Stowaway passengers killed in DR Congo train derailment
A freight train derailed in southeastern Democratic Republic of Congo early Thursday, killing illegal passengers who were riding on it, in the latest rail tragedy to strike the vast central African nation, officials killed.
But in a chaotic situation, estimates of the death toll varied widely, from 10 to a hundred.
"Another disaster! Derailing at 3am (0100 GMT) in Tanganyika (province) near Mayibaridi. Provisional toll: 50 dead and several injured," the minister for humanitarian action, Steve Mbikayi, said in a tweet.
In contrast, the provincial governor, Zoe Kabila, who is the brother of former president Joseph Kabila, issued a tweet that said, "Correction... provisional toll 10 dead, 30 injured and three railcars overturned."
But witnesses at the scene and local media feared a hundred people could have been killed.
Victor Umba, the union head of the national rail company SNCC, said the freight train was travelling from the town of Nyunzu to the town of Niemba when two railcars fell on their sides, crushing many people underneath.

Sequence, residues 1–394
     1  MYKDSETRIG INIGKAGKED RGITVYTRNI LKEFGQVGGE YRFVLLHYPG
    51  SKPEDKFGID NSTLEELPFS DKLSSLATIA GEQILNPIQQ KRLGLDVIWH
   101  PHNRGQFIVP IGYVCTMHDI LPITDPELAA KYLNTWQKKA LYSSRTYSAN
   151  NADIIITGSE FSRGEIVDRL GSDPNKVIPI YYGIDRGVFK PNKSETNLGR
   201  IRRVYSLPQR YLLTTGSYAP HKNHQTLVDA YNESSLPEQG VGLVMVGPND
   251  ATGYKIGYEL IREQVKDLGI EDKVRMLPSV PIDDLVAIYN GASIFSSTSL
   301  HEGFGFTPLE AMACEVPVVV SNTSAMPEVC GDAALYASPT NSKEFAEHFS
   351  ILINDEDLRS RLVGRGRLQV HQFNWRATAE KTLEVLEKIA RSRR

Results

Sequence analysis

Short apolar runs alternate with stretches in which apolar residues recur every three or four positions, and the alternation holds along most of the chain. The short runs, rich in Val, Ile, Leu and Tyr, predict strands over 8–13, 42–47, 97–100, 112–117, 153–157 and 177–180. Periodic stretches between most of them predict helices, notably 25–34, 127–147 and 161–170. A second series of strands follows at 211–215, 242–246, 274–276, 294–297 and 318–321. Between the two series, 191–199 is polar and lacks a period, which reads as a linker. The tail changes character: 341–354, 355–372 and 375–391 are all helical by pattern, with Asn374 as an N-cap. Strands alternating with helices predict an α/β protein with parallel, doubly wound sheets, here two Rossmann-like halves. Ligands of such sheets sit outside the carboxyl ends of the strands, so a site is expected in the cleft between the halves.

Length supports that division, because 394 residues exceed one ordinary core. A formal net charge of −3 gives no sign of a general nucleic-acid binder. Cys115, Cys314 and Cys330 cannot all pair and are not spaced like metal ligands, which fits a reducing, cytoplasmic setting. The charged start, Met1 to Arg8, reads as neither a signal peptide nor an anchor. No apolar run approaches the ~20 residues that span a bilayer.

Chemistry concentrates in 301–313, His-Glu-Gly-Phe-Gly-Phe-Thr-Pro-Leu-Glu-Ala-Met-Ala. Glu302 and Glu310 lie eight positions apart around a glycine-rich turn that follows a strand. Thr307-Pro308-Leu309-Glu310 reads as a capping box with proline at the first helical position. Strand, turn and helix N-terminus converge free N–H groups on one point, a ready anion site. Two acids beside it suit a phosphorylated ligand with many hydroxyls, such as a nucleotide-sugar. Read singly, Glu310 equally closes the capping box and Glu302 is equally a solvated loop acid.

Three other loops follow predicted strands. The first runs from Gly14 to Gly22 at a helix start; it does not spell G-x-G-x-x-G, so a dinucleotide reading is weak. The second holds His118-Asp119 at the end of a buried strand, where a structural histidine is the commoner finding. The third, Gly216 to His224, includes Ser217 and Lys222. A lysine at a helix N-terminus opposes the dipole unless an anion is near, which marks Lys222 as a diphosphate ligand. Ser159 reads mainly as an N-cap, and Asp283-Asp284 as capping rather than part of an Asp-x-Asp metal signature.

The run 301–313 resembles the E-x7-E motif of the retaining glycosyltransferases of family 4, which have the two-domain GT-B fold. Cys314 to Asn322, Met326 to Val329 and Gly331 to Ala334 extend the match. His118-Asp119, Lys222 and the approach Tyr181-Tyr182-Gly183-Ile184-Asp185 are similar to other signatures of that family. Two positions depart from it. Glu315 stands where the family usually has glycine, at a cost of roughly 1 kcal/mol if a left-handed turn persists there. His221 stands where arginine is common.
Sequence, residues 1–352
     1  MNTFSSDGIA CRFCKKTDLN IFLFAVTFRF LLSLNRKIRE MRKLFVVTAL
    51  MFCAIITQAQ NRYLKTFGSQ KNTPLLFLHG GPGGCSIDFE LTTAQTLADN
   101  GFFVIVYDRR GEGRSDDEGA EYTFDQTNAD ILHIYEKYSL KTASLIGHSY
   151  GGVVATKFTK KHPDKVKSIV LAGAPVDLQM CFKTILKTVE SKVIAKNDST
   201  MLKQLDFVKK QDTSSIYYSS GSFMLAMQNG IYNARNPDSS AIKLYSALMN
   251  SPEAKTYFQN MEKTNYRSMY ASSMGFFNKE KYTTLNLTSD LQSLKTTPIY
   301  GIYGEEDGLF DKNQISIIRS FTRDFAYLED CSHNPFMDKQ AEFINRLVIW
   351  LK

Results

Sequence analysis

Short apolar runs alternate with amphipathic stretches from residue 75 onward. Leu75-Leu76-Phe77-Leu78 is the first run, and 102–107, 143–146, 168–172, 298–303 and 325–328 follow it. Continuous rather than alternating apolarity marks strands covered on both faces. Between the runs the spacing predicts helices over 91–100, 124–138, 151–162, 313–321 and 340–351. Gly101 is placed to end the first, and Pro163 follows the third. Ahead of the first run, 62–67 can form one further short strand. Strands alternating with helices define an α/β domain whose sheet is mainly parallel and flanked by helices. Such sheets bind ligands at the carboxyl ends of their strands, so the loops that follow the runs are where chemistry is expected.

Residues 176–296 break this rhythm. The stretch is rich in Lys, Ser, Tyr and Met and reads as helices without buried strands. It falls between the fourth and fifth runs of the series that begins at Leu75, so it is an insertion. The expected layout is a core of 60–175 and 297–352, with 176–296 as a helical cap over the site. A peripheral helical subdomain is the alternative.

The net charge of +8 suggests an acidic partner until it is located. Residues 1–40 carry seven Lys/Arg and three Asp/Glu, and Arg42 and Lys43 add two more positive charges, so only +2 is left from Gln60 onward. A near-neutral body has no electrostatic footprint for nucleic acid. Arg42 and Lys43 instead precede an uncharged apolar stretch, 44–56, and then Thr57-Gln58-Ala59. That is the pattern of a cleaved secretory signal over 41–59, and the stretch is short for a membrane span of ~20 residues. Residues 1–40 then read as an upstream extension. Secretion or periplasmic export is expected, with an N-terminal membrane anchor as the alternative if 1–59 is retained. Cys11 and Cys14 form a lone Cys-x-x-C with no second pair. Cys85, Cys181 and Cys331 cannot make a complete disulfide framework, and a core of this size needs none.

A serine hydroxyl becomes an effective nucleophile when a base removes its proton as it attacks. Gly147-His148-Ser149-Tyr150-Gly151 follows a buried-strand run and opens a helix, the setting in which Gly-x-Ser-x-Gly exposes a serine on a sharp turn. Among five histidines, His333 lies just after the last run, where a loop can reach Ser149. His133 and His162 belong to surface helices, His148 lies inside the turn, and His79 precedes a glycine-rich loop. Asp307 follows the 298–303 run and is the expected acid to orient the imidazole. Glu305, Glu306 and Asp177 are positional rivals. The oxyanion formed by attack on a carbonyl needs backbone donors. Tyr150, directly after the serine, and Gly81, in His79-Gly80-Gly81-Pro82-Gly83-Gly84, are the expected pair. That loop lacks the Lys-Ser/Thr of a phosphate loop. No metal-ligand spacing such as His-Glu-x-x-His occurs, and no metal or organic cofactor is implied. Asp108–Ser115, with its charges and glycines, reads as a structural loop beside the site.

"Those who died in this derailment were stowaways. It is impossible for the SNCC to provide any kind of toll," Umba told AFP.
He added that the SNCC's chief was in the provincial capital of Kalemie trying to find a way to raise the carriages.
"It seems that many stowaways are trapped under the derailed carriages".
Railways in the DRC have a poor record for safety, hampered by derelict tracks and decrepit locomotives, many of them dating from the 1960s.
In March, at least 24 people were killed and 31 were injured Sunday when a freight train carrying illegal passengers crashed in the central region of Kasai.
In November last year, 10 stowaways were killed and 24 injured near the eastern town of Samba when the brakes failed on a freight train.
In November 2017, 35 people were killed when a freight train carrying 13 oil tankers plunged into a ravine in southern Lualaba province.
Like many state companies in DR Congo, the SNCC is on the brink of bankruptcy.
After Kabila stepped down in January, its employees urged his successor, Felix Tshisekedi, to pay months of back wages. Its former head Sylvestre Ilunga is the country's current prime minister.